During his forty years of practice devoted exclusively to Aboriginal peoples, Peter Hutchins has been involved extensively in negotiation, litigation, counsel and special advisor work for First Nations and Inuit across Canada as well as non-Aboriginal Governments. His litigation experience includes numerous appearances before the Supreme Court of Canada, the Federal Courts of Canada, the courts of Quebec, Ontario, British Columbia, Manitoba, New Brunswick, Newfoundland, the Northwest Territories, as well as the United Nations Human Rights Committee (as it then was) and the Inter-American Commission on Human Rights.
Mr. Hutchins has developed treaty negotiation positions involving historic, contemporary – including intensive work on the James Bay and Northern Quebec Agreement – and international treaties and implementation measures on a full range of issues including Aboriginal rights and title, human rights, environmental, constitutional and international law for Aboriginal communities throughout Canada. He has extensive experience in treaty and legislative drafting and has advised the Federal and Territorial governments on Aboriginal governance and treaty implementation issues.
Mr. Hutchins has served as Special Advisor on Aboriginal Self-Government to the Canadian Minister of Indian Affairs. During the Crown/Mohawk crisis of 1990 in Quebec, he acted as special envoy for the National Chief and subsequently as counsel for the Chief Negotiator for the Mohawk community of Kanesatake. He was also legal adviser to the Aboriginal members of the Canadian delegation negotiating amendments to the 1916 Migratory Birds Convention.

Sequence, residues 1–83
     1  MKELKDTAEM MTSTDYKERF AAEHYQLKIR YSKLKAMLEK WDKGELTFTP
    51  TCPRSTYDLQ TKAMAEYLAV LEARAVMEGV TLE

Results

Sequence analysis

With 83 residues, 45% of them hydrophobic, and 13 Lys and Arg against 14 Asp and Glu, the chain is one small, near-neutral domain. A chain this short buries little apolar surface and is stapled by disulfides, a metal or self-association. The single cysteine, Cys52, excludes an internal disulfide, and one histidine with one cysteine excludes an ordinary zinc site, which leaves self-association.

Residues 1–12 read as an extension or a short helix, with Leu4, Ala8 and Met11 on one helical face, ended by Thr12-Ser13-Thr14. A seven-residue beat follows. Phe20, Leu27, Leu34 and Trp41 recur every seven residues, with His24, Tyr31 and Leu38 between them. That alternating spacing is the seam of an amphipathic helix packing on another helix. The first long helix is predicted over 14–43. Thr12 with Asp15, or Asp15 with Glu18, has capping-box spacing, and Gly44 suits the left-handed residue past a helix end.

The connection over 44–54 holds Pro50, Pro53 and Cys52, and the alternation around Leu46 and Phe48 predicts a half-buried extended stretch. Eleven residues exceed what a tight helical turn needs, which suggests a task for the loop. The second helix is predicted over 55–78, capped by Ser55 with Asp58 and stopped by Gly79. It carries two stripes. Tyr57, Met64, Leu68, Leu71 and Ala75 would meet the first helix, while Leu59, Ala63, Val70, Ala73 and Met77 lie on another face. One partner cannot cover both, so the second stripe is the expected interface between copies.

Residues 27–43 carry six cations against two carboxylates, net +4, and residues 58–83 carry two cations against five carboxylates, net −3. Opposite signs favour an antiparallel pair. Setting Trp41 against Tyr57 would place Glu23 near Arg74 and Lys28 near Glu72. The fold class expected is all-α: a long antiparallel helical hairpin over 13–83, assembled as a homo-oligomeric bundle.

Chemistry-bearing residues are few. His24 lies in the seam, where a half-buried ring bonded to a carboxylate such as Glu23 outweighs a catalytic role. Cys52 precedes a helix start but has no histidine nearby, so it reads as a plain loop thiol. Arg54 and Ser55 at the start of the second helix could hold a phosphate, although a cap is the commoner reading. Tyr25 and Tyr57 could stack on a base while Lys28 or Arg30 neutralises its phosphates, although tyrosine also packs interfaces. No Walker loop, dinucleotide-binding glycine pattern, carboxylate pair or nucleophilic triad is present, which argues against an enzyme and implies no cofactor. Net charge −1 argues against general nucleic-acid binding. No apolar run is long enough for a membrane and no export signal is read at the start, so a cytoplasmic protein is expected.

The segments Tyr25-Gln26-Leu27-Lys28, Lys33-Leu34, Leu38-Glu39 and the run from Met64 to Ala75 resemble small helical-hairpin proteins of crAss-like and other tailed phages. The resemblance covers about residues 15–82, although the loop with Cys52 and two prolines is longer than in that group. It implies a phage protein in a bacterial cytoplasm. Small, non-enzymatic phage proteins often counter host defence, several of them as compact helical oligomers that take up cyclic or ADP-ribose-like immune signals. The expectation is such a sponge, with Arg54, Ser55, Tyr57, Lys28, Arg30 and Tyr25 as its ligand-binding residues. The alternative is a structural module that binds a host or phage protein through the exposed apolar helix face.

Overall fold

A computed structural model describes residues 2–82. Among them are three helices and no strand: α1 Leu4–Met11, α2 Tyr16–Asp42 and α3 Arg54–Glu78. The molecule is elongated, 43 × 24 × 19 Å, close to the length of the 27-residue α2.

In 1980, Mr. Hutchins introduced the Aboriginal Peoples and the Law course at McGill University Faculty of Law which he taught through to 1996. He has written extensively and appears regularly as guest lecturer, chair and panellist addressing Aboriginal, constitutional, environmental and international law issues.
At Hutchins, we are dedicated to empowering Indigenous Peoples in asserting their rights, including the right to self-determination, and holding governments to account for their actions and obligations—past, present, and future.
We partner with First Nations, Inuit and Métis communities and organizations to ensure the recognition and implementation of Aboriginal and treaty rights, and to assert their political, economic and cultural rights, interests, and autonomy.
We are passionate about advancing both the immediate goals and long term visions of our clients. In this work, we strive to ensure that the legal strategies and solutions we provide are firmly grounded in the varied and unique traditions, experiences, and needs of Indigenous Peoples.